I speak not as a religious person myself, but as a skeptic who is nevertheless looking at the facts -- such as the constantly expressed sense of the numinous that pervades human works over the past five hundred centuries. That doesn't mean I like or approve all religious expressions; that would be impossible. It's just that it makes no sense to tar millions of ordinary people living good and decent lives with the same brush as the head-chopping sadists who grab the headlines today in the name of religion. Hitchens is asking us to make precisely that kind of wild, illogical leap.
There's an interesting contrast between Mr. Hitchens and the 19th century philosopher Friedrich Nietzsche, notorious for the slogan that "God is dead; we have killed Him." Contrary to the Left, Nietzsche had the utmost respect and even reverence for religion. That's because he was an extremely well informed scholar, who understood his own cultural history in depth. He studied works from the ancient Greeks to modern Europe with all the finicky care of a trained classical philologist. He believed that Christian religion (and implicitly Judaism) were on their last legs in the 19th century. And he was not entirely wrong about that.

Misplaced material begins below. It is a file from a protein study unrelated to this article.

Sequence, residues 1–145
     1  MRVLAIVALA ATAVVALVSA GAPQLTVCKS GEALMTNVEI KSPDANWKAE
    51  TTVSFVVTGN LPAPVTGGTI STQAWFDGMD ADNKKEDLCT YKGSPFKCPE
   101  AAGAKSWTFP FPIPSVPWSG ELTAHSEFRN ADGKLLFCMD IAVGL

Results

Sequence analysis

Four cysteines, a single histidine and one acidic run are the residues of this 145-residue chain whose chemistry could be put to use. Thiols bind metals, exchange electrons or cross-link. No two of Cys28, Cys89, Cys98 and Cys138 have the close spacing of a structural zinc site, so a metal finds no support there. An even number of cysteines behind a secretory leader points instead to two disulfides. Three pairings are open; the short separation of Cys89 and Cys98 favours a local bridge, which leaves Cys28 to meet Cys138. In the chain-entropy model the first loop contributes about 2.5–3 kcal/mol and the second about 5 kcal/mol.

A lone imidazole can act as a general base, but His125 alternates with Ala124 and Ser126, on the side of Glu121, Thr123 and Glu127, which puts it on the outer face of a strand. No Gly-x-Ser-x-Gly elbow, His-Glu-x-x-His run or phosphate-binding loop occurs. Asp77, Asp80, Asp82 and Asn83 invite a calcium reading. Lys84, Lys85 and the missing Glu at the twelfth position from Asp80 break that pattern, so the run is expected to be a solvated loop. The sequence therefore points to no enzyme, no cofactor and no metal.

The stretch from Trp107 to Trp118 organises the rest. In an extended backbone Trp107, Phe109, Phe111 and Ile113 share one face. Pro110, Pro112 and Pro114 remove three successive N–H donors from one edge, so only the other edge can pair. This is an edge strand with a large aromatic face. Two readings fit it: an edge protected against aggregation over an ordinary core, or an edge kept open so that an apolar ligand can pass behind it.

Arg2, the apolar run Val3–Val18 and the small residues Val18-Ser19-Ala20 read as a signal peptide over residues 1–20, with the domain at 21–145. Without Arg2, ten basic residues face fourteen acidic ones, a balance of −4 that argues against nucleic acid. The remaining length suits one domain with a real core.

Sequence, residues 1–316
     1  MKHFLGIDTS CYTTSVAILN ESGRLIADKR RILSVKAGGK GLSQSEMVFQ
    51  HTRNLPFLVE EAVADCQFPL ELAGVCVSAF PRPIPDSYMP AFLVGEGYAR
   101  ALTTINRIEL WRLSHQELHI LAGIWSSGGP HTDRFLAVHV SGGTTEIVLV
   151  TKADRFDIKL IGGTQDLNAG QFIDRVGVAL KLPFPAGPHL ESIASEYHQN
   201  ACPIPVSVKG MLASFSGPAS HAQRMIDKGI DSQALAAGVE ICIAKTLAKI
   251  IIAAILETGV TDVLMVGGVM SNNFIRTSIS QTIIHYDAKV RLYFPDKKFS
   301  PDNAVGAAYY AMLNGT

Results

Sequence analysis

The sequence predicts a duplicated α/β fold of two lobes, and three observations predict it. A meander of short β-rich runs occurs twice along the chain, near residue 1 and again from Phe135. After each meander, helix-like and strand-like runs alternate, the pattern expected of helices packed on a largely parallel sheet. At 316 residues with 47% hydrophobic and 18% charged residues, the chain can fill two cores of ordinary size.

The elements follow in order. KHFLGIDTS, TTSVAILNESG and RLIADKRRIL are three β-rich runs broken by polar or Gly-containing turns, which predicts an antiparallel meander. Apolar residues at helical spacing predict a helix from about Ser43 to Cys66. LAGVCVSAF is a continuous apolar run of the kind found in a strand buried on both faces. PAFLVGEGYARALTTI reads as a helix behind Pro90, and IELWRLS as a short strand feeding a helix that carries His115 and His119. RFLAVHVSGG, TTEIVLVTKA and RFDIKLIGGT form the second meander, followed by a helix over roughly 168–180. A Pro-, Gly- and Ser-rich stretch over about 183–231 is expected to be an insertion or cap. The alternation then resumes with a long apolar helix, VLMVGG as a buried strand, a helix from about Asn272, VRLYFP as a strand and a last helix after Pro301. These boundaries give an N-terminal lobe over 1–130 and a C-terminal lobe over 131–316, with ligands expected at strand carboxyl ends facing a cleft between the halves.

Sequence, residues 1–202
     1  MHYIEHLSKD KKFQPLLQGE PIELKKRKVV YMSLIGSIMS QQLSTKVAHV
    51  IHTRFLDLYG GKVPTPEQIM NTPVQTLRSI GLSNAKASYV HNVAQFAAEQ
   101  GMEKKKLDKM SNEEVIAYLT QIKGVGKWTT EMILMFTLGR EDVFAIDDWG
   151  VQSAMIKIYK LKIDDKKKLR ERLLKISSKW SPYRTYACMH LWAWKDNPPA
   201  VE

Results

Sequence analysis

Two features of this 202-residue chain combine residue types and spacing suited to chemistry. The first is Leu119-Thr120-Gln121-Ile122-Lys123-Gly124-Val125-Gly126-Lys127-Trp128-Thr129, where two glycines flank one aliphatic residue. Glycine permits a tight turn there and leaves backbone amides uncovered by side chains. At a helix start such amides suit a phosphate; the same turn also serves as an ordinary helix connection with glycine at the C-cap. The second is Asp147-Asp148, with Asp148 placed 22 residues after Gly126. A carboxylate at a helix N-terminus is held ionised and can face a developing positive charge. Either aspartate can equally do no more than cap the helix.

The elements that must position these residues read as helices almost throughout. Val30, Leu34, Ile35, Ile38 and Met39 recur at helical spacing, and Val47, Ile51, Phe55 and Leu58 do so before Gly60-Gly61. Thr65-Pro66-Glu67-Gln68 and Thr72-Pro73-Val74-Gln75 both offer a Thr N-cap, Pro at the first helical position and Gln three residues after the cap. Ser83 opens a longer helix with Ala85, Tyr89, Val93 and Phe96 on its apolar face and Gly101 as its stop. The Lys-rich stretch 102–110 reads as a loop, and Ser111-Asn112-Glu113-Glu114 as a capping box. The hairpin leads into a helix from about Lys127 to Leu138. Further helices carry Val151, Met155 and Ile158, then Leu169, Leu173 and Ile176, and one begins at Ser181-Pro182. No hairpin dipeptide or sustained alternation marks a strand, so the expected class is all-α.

But Nietzsche always spoke about the breakdown of faith as a great cultural disaster, and a devastating challenge for the future. For him, "God is dead" was not a Hitchenesque self-preening slogan about the moral superiority of the secular Left. On the contrary. Nietzsche saw the loss of Western faith as the most profound historical shock, an invitation to cultural disaster. Well, the secular religions of the 20th century, like Nazism and Marxism, have certainly made a strong case for him.
Nietsche expressed those feelings beautifully in his Parable of the Madman. Just compare it to Hitchens' slick superficiality:
Source: Friedrich Nietzsche, The Gay Science (1882, 1887) para. 125; Walter Kaufmann ed. (New York: Vintage, 1974), pp.181-82.]
Oh, and has anybody noticed that Mr. Hitchens' first name, Kristophoros, means "Christ-bearer"? Someone in his family must have understood a lot more about human beings than Hitch does today.
James Lewis blogs at http://www.dangeroustimes.wordpress.com/